I cannot stress enough the importance of money management and risk control when trading the futures markets. The volatility and volume that is required to make for a successful trade can also be the bane that destroys an account. The first critical mistake many traders make is NOT trading with a plan. Each trade needs to have a beginning, a middle and an objective. The first rule of trading is to keep your risk/reward ratio at 3:1 or higher. The second rule is to determine at the onset how much risk capital you will dedicate to the position or at which point will you exit because you are wrong the market or the timing of your entry. Take the small losses. If it turns out you were right the market, re-enter at a more advantageous price and time. Many traders place an order that I call, “cancel if close”. Stops are placed and when the market gets close to filling that stop, they pull the stop because they really do not want to take the loss. Absolutely wrong. Part of trading is taking losses. Those losses are part of money management. Leaving your with sufficient funds to continue on to the next trade.
Series 3 Licensed
Senior Market Strategist
Laura began her career in the financial industry in 1981. In 1985 Laura and some former colleagues developed and organized a new IB division at Index Futures Group. With a partner, she named the division (Brokers Resource Corp.), developed the client base and supervised a staff that serviced guaranteed and non-guaranteed IBs located across the country. She developed the in-house procedures manual and conducted on-site compliance audits. I was also one of the original co-founders of the National IB Association (NIBA) and hosted the very first NIBA conference in Chicago.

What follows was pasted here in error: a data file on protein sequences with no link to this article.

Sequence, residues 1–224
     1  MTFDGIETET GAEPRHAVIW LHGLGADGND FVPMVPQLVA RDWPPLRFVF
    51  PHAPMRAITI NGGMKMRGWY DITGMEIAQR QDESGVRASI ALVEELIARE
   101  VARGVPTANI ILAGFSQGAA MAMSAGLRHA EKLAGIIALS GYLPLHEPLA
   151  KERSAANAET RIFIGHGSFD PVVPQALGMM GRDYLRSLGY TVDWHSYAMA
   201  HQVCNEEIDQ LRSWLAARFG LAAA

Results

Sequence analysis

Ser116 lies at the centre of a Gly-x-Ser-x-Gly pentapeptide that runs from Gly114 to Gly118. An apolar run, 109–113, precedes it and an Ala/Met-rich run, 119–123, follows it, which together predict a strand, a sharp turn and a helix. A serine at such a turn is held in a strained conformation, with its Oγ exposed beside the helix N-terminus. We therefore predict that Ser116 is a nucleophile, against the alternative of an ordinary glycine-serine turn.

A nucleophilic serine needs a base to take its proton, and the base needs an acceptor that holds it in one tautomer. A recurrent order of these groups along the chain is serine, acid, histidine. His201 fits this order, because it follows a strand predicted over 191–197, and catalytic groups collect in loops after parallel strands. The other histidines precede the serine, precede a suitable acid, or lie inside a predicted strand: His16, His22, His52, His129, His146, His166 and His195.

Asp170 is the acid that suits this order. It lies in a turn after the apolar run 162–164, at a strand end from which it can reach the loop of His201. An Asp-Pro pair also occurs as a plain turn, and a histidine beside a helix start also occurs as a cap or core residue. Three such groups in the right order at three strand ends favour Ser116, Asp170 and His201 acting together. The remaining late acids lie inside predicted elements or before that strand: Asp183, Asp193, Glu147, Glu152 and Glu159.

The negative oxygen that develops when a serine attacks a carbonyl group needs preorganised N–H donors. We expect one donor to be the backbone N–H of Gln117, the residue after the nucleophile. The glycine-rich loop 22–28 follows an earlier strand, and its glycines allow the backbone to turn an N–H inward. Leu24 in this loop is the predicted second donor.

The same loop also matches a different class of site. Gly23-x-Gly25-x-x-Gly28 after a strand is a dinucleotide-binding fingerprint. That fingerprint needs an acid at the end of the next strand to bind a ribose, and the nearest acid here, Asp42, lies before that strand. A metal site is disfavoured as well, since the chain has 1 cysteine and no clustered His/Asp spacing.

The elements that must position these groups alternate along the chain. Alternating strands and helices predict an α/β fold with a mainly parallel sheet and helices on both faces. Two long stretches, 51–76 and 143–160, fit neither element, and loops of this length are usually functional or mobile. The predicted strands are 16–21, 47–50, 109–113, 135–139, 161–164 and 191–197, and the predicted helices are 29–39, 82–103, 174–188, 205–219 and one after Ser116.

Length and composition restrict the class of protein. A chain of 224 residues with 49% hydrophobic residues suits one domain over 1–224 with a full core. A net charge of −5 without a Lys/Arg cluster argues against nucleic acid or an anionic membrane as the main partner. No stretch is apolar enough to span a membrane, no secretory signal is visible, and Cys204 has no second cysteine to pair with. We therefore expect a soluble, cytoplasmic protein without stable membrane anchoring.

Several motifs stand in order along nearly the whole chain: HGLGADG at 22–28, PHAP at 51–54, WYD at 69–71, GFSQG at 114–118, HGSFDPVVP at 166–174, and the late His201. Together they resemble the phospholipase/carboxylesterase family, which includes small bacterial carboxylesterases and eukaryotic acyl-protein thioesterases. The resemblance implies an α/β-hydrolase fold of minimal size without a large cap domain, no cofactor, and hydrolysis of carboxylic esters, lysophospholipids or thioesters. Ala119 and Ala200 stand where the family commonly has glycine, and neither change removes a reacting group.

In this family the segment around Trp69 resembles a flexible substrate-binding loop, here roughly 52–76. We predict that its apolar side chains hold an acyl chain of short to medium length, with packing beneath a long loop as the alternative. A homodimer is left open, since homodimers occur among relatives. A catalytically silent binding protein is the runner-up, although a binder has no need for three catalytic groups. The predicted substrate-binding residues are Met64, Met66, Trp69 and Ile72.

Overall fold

After Index Futures Group sold their IB division Laura stayed on to manage the new accounts department as vice president of operations and then became their director of compliance. In 1996, as part of ED&F Man, Laura decided to venture into a new role in the commodity industry by putting her AP license to work by developing a client base as a commodities broker. Laura joined RJO Futures in 2011 where she enjoys being a senior commodities broker assisting clients with their trading decisions, the execution of their trades and specializing in automated trading for newsletter and hotline subscribers.